Tag Archives: Civil War

Booker T. Washington National Monument

Overview

Booker T. Washington was born in 1856 on this small plantation farm in Hardy, Virginia and freed shortly after the Confederate army’s surrender at nearby Appomattox Court House.  He went on to earn an education and found the groundbreaking Tuskegee Institute in 1881.  Rather than dwelling on his horrible past, Washington was inspired to work hard and maintain an indefatigable spirit.  Later in life he wrote in his book Up From Slavery: “There was no period of my life that was devoted to play… From the time that I can remember anything, almost every day of my life has been occupied in some kind of labor.”

Highlights

Museum, film, reconstructed buildings, farm animals, Jack-O-Lantern Branch Trail

Must-Do Activity

A bronze bust of Booker T. Washington is the first thing visitors see when they approach the National Monument.  The National Park Service (NPS) has reconstructed several buildings on the farm in a style consistent with the 1850s, as seen on the quarter-mile self-guided trail.  The NPS keeps livestock similar to that which was here at the time, including pigs, cattle, chickens, turkeys, and ducks.  This site demonstrates that antebellum life in the South was not all aristocrats on large plantations. 

Best Trail

The Jack-O-Lantern Branch Trail winds 1.5 miles through the forest and fields.

Instagram-worthy Photo

None of the original buildings survive, but several have been reconstructed, including the birthplace cabin of Booker T. Washington.

Peak Season

Summer

Hours

https://www.nps.gov/bowa/planyourvisit/hours.htm

Fees

None

Road Conditions

All roads paved

Camping

Roanoke Mountain Campground is run by the NPS on the Blue Ridge Parkway 19 miles northwest of the monument.

Related Sites

Tuskegee Institute National Historic Site (Alabama)

George Washington Carver National Monument (Missouri)

Shenandoah National Park (Virginia)

Explore More – Washington graduated from what school for ex-slaves in 1875, which inspired him to establish Tuskegee Institute in Alabama?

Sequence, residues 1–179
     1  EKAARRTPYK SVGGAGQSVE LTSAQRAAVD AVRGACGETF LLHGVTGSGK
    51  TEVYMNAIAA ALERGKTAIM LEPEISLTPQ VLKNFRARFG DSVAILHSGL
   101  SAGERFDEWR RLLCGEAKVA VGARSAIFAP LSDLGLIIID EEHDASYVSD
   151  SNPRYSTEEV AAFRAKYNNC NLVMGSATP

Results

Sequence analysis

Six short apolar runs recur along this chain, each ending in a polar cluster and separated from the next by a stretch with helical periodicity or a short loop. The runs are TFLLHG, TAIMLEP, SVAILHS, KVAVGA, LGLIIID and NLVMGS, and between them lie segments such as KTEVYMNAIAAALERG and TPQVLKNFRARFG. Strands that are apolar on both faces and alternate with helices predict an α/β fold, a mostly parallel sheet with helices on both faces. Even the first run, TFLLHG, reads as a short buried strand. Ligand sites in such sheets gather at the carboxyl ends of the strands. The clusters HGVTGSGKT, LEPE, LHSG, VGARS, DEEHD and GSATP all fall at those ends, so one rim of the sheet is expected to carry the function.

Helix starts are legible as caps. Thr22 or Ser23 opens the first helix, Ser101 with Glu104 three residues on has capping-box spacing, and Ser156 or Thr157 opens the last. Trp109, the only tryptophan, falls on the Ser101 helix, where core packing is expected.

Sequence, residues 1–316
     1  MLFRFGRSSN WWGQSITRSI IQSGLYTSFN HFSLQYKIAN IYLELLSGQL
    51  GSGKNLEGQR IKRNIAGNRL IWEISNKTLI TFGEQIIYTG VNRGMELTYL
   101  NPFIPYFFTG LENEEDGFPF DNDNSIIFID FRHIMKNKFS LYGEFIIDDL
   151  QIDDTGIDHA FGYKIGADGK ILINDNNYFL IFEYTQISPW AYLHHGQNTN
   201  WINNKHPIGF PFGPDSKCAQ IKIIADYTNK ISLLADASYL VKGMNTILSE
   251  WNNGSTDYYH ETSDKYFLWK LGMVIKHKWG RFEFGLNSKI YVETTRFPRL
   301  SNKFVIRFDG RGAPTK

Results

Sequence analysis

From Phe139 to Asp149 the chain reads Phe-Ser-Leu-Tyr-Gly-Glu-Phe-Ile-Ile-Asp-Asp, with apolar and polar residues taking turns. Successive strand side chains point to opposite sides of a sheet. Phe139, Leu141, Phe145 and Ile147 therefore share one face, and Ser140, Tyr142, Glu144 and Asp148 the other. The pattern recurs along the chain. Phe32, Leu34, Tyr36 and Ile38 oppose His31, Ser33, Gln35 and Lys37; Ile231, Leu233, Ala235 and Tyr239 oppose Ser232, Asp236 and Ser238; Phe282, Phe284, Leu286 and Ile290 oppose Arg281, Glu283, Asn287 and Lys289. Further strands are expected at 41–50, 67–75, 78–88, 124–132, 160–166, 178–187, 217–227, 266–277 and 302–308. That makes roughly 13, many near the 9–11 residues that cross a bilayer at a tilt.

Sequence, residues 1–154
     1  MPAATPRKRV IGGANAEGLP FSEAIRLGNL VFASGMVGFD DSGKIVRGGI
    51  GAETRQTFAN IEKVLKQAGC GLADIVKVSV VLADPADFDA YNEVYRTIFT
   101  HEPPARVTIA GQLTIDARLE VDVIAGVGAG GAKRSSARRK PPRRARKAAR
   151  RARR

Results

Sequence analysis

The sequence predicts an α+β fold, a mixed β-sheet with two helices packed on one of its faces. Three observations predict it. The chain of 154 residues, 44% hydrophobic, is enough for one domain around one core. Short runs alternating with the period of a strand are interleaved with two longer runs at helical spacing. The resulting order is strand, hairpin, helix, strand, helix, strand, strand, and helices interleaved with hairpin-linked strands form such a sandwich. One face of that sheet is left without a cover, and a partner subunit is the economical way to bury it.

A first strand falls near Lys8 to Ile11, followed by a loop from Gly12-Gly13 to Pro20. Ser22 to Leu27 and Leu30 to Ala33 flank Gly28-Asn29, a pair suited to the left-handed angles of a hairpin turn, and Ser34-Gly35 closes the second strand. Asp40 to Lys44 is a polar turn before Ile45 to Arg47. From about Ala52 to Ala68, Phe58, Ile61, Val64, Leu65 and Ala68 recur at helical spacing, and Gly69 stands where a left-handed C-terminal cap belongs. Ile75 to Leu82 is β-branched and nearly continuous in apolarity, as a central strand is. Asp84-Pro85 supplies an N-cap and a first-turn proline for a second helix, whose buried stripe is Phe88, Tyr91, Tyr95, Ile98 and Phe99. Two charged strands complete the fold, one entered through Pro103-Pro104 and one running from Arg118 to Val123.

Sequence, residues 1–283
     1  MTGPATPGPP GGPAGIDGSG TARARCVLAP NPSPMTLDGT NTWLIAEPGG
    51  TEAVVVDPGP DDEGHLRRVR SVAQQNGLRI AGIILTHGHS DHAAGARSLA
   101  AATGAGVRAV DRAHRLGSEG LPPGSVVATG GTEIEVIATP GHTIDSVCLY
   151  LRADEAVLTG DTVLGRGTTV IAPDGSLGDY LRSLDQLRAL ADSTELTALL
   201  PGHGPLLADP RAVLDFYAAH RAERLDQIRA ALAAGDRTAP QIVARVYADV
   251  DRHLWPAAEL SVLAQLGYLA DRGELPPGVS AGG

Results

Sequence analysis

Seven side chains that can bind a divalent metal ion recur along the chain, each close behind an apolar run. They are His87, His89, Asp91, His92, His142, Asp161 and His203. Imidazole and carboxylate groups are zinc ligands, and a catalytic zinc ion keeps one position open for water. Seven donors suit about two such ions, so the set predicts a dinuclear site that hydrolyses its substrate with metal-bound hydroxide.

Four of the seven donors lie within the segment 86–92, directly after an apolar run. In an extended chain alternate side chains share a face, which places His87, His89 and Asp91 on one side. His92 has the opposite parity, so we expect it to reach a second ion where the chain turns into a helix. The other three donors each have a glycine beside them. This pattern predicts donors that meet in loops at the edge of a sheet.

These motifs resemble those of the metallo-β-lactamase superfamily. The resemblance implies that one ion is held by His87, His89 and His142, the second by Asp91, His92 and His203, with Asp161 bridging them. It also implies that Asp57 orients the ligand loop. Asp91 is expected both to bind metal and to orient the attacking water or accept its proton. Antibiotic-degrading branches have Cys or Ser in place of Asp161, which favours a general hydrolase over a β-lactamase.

Cane River Creole National Historical Park

Overview

In colonial Louisiana, the word “Creole” referred to any New World product, from architecture to livestock to human beings (and was not specific to any ethnicity).  South of Natchitoches, Louisiana the Cane River National Heritage Area follows an abandoned meander of the Red River, with two antebellum cotton plantations protected as Cane River Creole National Historical Park.  This National Park Service (NPS) site was authorized in 1994 and continues to be developed; meanwhile it provides an interesting perspective on a unique culture and excellent photographic opportunities.

Highlights

Historic buildings, pecan picking

Must-Do Activity

Oakland Plantation dates back to the late 1700s and survived the Civil War intact, but in the wake of Reconstruction tenant farming created a new form of indentured servitude.  Self-guided tours of the site take you through the mule barn, general store, and several cottages.  When we visited in November 2016, park volunteers were only offering one tour per day, but were happy to spend time talking with us inside the old general store.  Slave/tenant quarters are also preserved at Magnolia Plantation downstream, but the main house (which was burned during the Civil War and rebuilt) is privately owned and closed to the public. 

Best Trail

None

Instagram-worthy Photo

Nothing says you are in the South like the crooked branches of live oak trees.  Live oaks drape over the bottle-lined garden at the Oakland Plantation main house.

Peak Season

Fall

Hours

https://www.nps.gov/cari/planyourvisit/hours.htm

Fees

None

Road Conditions

All roads paved

Camping

Kisatchie National Forest has a small campground three miles north of Natchitoches off State Road 117.

Related Sites

Natchez National Historical Park (Mississippi)

Jean Lafitte National Historical Park and Preserve (Louisiana)

Poverty Point National Monument (Louisiana)

Explore More – Cane River National Heritage Area covers 40,000 acres, but how large is Cane River Creole National Historical Park?

General Grant National Memorial

Overview

Often referred to as Grant’s Tomb, this 150-foot tall marble and granite rotunda is the largest mausoleum in North America.  Following his death in 1885, the rotunda was constructed in less than two years with donations from 90,000 individuals worldwide, the largest ever public fundraising effort at the time.  It is located on a bluff overlooking the Hudson River in the Morningside Heights area of Manhattan, where Grant spent the final five years of his life after serving two terms as President (1868-1876).

Highlights

Museum, film, tomb

Must-Do Activity

The Overlook Pavilion is separate from the rotunda and offers a few exhibits and a film about Ulysses S. Grant (plus you can put your head in an oversized $50 bill which typically bears Grant’s face).  The rotunda contains the tombs of Ulysses and his wife (Julia) who passed in 1902, as well as murals and bronze busts of fellow Civil War generals. 

Best Trail